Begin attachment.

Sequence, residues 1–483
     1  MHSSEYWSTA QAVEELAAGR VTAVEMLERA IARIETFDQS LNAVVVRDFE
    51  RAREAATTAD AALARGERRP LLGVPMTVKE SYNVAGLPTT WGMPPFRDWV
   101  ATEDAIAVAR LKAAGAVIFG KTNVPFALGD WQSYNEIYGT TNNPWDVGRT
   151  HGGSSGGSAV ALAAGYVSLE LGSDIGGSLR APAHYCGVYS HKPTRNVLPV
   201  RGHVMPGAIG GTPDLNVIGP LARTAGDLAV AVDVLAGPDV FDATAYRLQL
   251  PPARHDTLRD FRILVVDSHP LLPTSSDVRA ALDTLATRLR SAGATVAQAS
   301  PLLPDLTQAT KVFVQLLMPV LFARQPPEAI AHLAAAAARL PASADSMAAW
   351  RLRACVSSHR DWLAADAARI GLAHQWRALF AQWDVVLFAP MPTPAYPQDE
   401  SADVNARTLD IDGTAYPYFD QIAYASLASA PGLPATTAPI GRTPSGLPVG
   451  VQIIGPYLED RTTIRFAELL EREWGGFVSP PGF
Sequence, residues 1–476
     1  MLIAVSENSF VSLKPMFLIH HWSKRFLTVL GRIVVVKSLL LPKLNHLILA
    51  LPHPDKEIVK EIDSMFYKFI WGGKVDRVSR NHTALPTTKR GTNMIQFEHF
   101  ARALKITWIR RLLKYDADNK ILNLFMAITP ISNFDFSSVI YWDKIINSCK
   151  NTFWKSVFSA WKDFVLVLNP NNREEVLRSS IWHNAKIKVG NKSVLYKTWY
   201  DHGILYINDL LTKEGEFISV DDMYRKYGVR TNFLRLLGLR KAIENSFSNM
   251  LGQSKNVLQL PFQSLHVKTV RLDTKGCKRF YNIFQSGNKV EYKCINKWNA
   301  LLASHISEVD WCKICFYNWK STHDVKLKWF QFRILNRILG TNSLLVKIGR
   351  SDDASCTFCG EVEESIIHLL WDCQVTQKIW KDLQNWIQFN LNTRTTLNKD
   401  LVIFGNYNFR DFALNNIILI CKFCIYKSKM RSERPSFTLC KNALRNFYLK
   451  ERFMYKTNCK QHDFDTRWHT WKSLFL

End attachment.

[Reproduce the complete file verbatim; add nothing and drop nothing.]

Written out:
Sequence, residues 1–483
     1  MHSSEYWSTA QAVEELAAGR VTAVEMLERA IARIETFDQS LNAVVVRDFE
    51  RAREAATTAD AALARGERRP LLGVPMTVKE SYNVAGLPTT WGMPPFRDWV
   101  ATEDAIAVAR LKAAGAVIFG KTNVPFALGD WQSYNEIYGT TNNPWDVGRT
   151  HGGSSGGSAV ALAAGYVSLE LGSDIGGSLR APAHYCGVYS HKPTRNVLPV
   201  RGHVMPGAIG GTPDLNVIGP LARTAGDLAV AVDVLAGPDV FDATAYRLQL
   251  PPARHDTLRD FRILVVDSHP LLPTSSDVRA ALDTLATRLR SAGATVAQAS
   301  PLLPDLTQAT KVFVQLLMPV LFARQPPEAI AHLAAAAARL PASADSMAAW
   351  RLRACVSSHR DWLAADAARI GLAHQWRALF AQWDVVLFAP MPTPAYPQDE
   401  SADVNARTLD IDGTAYPYFD QIAYASLASA PGLPATTAPI GRTPSGLPVG
   451  VQIIGPYLED RTTIRFAELL EREWGGFVSP PGF
Sequence, residues 1–476
     1  MLIAVSENSF VSLKPMFLIH HWSKRFLTVL GRIVVVKSLL LPKLNHLILA
    51  LPHPDKEIVK EIDSMFYKFI WGGKVDRVSR NHTALPTTKR GTNMIQFEHF
   101  ARALKITWIR RLLKYDADNK ILNLFMAITP ISNFDFSSVI YWDKIINSCK
   151  NTFWKSVFSA WKDFVLVLNP NNREEVLRSS IWHNAKIKVG NKSVLYKTWY
   201  DHGILYINDL LTKEGEFISV DDMYRKYGVR TNFLRLLGLR KAIENSFSNM
   251  LGQSKNVLQL PFQSLHVKTV RLDTKGCKRF YNIFQSGNKV EYKCINKWNA
   301  LLASHISEVD WCKICFYNWK STHDVKLKWF QFRILNRILG TNSLLVKIGR
   351  SDDASCTFCG EVEESIIHLL WDCQVTQKIW KDLQNWIQFN LNTRTTLNKD
   401  LVIFGNYNFR DFALNNIILI CKFCIYKSKM RSERPSFTLC KNALRNFYLK
   451  ERFMYKTNCK QHDFDTRWHT WKSLFL